USYers at a recent USY International Convention

Let me start out by saying that I still hold by my original thesis. On May 3rd, I published a blog post on the Times of Israel stating that the United Synagogue of Conservative Judaism (USCJ) is an unstable organization that has no relevance today.  I added that United Synagogue Youth (USY), the one good thing from USCJ, must be spun off as its own independent organization for it to survive and excel into the future.  I still stand by my belief, but I am willing to modify it a little.  I will admit that I made the article a bit sensationalist, but I did want to get the message out there.  The point of my article was to get people to discuss these issues, and with that criterion, my post was a total success!

I am willing to modify what I said, but I still strongly believe in the need for USY to have a level of autonomy from USCJ.  I do believe that USY can move into the future and still be connected to USCJ.  However, for that to happen, USY needs to develop greater independence from USCJ.  Before continuing, a little history is needed.   Throughout USY’s 60+ years, USCJ appointed a youth commission that was the oversight body for USY, and that committee, together with the professional staff, created an amazing program without much interference from USCJ.  Today we are seeing a much greater level of control over USY, and this has caused many people to worry.

What kind of changes would make people worry so much?  In the previous reorganization USY tried to move to a “shared service” model.  Shared Service is a buzzword these days in the not for profit world.  The idea is that different USY regions do similar programs and if part of the work could be off-loaded to a central source, then the regional staff would have more time to engage with the youth.  This sounds great, but for whatever reason, it never worked in practice.  With the new reorganization, they are trying again to move to a shared service model.  At the same time, they are merging regions into larger groupings they are calling branches.  In the last reorganization they also tried merging regions into groupings called districts, but those districts are being scrapped in favor of the new, geographically larger branches.  This rapid change is part of what is getting people nervous.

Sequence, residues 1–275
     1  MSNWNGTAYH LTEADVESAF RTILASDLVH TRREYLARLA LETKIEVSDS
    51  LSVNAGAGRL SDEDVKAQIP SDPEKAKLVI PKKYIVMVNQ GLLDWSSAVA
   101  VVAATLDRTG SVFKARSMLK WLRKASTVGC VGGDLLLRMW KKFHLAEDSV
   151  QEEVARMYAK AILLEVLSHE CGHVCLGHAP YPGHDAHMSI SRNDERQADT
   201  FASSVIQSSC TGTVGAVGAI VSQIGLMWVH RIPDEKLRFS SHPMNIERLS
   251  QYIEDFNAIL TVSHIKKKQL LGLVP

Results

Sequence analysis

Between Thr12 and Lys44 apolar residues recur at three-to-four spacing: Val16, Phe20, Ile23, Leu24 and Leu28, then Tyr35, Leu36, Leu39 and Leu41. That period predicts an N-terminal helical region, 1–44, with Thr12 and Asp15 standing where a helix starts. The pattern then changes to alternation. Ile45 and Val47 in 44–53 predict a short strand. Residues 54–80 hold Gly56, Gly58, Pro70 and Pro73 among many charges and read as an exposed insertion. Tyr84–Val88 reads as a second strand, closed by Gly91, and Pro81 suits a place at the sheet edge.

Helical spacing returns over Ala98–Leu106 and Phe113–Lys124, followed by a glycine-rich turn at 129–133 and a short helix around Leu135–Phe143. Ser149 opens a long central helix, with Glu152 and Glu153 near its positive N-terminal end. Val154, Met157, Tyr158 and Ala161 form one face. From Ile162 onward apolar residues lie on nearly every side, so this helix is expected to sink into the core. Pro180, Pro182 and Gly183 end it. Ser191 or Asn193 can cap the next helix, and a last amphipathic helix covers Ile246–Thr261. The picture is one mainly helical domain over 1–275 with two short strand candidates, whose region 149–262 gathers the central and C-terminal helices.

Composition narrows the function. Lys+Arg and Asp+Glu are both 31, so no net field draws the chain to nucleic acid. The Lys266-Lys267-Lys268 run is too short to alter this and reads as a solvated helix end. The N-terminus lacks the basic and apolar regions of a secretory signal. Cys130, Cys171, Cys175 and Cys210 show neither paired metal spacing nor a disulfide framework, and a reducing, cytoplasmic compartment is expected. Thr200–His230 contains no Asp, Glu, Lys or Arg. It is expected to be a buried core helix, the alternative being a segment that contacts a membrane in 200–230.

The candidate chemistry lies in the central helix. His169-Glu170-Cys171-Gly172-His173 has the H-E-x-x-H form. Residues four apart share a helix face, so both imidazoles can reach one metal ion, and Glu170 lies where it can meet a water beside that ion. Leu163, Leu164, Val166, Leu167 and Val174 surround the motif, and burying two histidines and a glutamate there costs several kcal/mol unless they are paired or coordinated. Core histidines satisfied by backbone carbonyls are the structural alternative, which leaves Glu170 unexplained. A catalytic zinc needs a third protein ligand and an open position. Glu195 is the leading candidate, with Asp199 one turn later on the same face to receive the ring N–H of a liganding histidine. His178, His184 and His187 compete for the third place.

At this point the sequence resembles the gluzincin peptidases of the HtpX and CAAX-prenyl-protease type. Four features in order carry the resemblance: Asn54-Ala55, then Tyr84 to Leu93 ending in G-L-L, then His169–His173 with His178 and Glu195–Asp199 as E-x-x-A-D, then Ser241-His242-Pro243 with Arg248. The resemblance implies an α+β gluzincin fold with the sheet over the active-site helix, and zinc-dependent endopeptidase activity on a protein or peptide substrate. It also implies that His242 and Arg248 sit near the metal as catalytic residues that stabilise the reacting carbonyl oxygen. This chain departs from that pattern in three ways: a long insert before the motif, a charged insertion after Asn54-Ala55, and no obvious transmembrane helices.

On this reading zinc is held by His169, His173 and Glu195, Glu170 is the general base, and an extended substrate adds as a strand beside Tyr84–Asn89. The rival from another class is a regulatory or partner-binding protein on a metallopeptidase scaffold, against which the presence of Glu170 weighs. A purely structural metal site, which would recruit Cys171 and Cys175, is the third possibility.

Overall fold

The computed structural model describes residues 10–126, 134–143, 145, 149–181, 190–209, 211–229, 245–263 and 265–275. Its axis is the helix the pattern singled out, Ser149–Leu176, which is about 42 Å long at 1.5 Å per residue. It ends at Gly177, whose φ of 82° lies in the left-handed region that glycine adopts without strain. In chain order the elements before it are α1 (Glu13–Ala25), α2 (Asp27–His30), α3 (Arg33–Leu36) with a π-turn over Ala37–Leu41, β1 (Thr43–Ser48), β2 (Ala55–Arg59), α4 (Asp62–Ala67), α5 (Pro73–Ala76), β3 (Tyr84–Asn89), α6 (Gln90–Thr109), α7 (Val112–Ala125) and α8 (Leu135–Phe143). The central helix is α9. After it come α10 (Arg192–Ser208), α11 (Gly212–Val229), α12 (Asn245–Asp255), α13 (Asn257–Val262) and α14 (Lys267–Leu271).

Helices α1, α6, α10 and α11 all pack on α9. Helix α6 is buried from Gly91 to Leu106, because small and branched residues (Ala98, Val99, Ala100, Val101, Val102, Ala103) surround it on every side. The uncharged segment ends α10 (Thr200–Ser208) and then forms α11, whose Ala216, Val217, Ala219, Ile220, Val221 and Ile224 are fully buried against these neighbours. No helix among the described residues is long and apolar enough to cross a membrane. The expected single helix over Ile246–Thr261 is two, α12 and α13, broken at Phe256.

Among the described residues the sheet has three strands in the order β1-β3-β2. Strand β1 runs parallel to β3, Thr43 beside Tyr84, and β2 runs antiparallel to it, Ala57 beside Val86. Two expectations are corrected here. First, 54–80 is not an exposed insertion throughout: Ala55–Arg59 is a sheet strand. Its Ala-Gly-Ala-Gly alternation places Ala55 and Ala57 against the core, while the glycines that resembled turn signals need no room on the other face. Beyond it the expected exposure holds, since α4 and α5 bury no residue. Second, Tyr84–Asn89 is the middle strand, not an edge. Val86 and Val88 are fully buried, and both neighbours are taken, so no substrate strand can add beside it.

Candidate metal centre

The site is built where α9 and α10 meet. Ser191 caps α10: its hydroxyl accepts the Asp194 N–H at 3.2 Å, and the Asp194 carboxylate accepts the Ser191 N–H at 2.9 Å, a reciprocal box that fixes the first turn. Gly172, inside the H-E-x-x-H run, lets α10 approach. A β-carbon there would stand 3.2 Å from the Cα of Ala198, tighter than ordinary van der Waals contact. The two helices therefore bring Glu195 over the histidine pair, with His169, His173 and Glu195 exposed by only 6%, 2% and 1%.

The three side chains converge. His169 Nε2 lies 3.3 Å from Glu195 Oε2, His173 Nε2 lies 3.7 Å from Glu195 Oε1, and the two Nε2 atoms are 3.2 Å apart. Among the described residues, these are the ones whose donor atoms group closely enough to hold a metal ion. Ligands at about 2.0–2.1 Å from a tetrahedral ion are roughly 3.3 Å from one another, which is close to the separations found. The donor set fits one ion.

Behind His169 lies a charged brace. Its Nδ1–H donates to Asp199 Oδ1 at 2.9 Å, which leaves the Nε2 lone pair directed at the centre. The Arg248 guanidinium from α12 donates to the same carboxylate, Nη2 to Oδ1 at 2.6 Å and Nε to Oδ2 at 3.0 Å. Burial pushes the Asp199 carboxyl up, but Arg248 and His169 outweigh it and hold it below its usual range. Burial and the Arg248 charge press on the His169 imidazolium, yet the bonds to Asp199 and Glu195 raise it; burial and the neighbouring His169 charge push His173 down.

Last week, I had a video meeting with Dana Prottas, the Director of Teen Engagement for USCJ (Director of USY) and with Diane Novick, who is the chair of the International Youth Commission, which has been re-formed to have a greater role in the operations of USY. The meeting was cordial and I had the opportunity to ask them a number of questions about the changes that have been made to USY.

However, what Ms. Prottas and Ms. Novick told me is not all bad. Each region in USY had a Regional Teen Engagement Director (RTED). While the last reorganization tried to centralize the programmatic aspects of USY, the new plan combines regions and one of the two RTEDs will take on the program aspect and one will take on the outreach and engagement aspect. On paper, this all sounds great. It frees up a professional to spend more time in the field meeting with USY chapters and working on recruitment of new USYers. The only downside is of course, the two professionals will now have a much larger geographic area in which to work. On top of this there will be at least one part time person in each region doing outreach as well.

All of this leads to another change. Being a synagogue-based youth group, USY has always relied on the local synagogues to try to recruit their own members to join USY. Different chapters have had different levels of success with this. In New Jersey there were always chapters that had 5 USYers, and also chapters that had 100 USYers. Everything depended upon the local synagogue: its size, its commitment to youth programming, etc. The number of synagogue members in USCJ has dwindled over the years, as has the number of USY members nationally. Lose the synagogues, lose their members’ children. So USY is faced with trying to find ways to rebuild and reach more youth. To do this they would like to move to the NCSY model which understands that to get more kids, you need to go out to them. Under the previous model, this would have been very difficult. As a synagogue-based group, it is difficult to reach out to other groups.  I believe that it can be done by opening USY to non-affiliated congregations and independent minyanim.  We do have some Conservative Day Schools in the country, and we could try to partner with them.  How this would actually work in practice would need to be worked out, but it could be great method of reaching Jewish youth not being served by our congregations.